DAPL Updates: Veterans Stand to Redeploy; First Legal Challenge to Easement, and More

Work on the last segment of the Dakota Access Pipeline (DAPL) is restarting after the federal government reversed course and approved the last easement. The drilling under the Missouri River will take 60 days to complete, and it will take another 23 days to fill the pipeline, according to a Thursday story in Indian Country Media Network.

Here are updates on the effort to stop DAPL.

  • The group Veterans Stand is raising money to help pay for transportation and supplies for veterans to return to the site of the DAPL construction and show their support for water protectors.
  • The Cheyenne River Sioux have filed the first legal action to try to overturn DAPL easement under the Missouri River.
  • A judge rejects DAPL opponents request to make law enforcement stop using “excessive force.”

Veterans Stand Sending Smaller Group to North Dakota

CNN reported Thursday evening that: Veterans unite for second ‘deployment’ against Dakota Access Pipeline.

Veterans are prepared to continue the fight against the pipeline. Michael Wood Jr., founder of Veterans Stand, said new efforts are more focused on supporting the camps in any way possible. “It is unlikely that we will send a mass group of people like before,” Wood told CNN. “The biggest misconception is that Veterans Stand wants to do anything aggressive in response. People want to do something and they just don’t know what to do. We just want to give people a platform.”

The most recent post on the Veterans Stand Facebook Page, Jan. 27, says that

In the past two weeks the turmoil and uncertainty at Standing Rock has increased significantly. We have continued to stay in contact with indigenous and camp leadership and have identified several areas where the Veterans Stand network can continue to serve the needs of the camp and local community. We are launching this second GoFundMe to create a Standing Rock Fund to address the ongoing needs at Standing Rock and our network of partners in camp.

What isn’t clear from the story is whether the Standing Rock Nation itself supports this move by Veterans Stand or not. The answer likely is no. The Standing Rock Tribal Council voted in January to close all camps, according to a story in Indian Country Media Network. The deadline for camps to close is Thursday Feb. 16, according to a story in the Bismarck Tribune, though there is a last-minute effort to get another vote on the matter.)

Legal Challenges to DAPL Easement

ABC News reported Thursday afternoon that Cheyenne River Sioux Tribe Files 1st Legal Challenge Over Dakota Access Pipeline Easement.

The Cheyenne River Sioux Tribe, which has joined the Standing Rock Sioux Tribe’s lawsuit against the pipeline, filed a motion at the U.S. District Court for the District of Columbia this morning seeking a temporary restraining order “to halt construction and drilling” under and on either side of the land surrounding Lake Oahe. The tribe argues that the pipeline “will desecrate the waters upon which Cheyenne River Sioux tribal members rely for their most important religious practices and therefore substantially burden the free exercise of their religion,” according to court documents obtained by ABC News.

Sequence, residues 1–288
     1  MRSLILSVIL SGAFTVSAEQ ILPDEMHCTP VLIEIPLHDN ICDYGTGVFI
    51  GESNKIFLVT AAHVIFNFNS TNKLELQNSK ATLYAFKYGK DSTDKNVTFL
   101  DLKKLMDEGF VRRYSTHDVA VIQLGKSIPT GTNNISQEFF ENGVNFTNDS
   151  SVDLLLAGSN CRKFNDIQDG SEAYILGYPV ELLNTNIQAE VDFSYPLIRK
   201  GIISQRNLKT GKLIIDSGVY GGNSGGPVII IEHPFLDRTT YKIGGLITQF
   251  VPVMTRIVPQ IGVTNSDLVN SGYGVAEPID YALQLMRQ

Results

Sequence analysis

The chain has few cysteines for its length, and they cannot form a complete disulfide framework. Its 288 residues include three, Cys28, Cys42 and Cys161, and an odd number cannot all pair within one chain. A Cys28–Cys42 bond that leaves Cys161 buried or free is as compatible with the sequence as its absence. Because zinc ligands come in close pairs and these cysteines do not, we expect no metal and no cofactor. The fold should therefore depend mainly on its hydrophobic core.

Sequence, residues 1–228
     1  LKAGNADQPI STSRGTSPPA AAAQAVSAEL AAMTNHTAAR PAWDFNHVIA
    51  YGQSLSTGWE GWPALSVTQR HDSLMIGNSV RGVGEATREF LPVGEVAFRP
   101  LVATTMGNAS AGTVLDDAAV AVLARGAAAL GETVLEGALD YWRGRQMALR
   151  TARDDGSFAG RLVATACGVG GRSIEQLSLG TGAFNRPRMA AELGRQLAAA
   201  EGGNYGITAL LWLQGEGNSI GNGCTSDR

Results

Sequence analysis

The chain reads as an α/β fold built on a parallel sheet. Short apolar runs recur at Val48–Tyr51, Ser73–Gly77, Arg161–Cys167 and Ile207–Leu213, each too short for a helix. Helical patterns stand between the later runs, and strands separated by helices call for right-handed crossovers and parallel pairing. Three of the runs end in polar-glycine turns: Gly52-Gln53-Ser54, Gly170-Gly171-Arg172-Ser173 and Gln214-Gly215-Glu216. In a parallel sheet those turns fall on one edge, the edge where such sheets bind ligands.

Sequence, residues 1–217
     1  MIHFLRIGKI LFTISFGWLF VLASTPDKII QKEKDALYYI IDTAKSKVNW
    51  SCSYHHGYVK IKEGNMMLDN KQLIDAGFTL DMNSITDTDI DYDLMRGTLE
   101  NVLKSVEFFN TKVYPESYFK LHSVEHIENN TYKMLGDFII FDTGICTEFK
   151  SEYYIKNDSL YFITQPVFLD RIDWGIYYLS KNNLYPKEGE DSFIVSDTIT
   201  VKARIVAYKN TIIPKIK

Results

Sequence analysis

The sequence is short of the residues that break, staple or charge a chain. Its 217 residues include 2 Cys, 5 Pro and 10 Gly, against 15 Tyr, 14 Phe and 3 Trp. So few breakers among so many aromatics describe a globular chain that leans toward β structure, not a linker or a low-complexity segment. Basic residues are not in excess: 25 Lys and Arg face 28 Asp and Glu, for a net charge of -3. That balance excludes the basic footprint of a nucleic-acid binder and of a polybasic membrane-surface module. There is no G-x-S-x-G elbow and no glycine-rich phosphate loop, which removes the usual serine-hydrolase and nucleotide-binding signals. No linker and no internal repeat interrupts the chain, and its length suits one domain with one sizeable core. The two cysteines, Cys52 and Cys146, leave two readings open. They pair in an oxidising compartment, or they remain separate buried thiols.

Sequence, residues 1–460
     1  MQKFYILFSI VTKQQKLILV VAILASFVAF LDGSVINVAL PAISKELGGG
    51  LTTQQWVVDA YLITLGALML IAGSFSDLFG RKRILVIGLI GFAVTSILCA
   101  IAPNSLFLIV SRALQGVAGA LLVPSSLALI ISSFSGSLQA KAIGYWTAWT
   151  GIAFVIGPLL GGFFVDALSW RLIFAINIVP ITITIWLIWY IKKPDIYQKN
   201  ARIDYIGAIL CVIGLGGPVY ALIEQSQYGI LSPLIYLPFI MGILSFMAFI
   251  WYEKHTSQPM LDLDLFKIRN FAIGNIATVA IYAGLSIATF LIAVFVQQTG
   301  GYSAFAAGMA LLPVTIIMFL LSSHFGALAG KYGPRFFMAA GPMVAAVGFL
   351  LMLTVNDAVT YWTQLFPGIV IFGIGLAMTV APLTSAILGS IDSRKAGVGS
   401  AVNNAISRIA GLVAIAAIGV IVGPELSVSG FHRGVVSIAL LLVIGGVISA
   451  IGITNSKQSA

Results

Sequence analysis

The story in Indian Country Media Network said Standing Rock also had filed a suit to stop the drilling. It quoted Tribal Chair David Archambault II saying: “We’re running out of options, but that doesn’t mean that it’s over.”

Judge: Law Enforcement Did Not Use Excessive Force

The Washington Times reported Tuesday: Judge rejects Dakota Access activists’ request to stop ‘excessive force’ by police.

Activists sought a temporary injunction against the Morton County Sheriff’s Department from using excessive force such as water cannons, tear gas, concussion grenades, or rubber bullets, the story said.

The judge said videos from the night [Nov. 20-21] showed “a very chaotic scenario” that included brush fires set nearby, but that protesters had been warned repeatedly to leave the bridge and they were free to retreat at any time. …

“[T]he majority of the protesters are non-violent,” he said. “However, it is clear and undisputed there are a sizeable minority of protesters who can best be categorized as a group of unlawful and violent agitators who are masked up; terrorize law enforcement officers with taunting, threats and acts of violence; and whose primary purpose is to simply create chaos and mayhem. To describe these agitators as ‘peaceful and prayerful’ defies common sense.”

For more details, click on the story links above.

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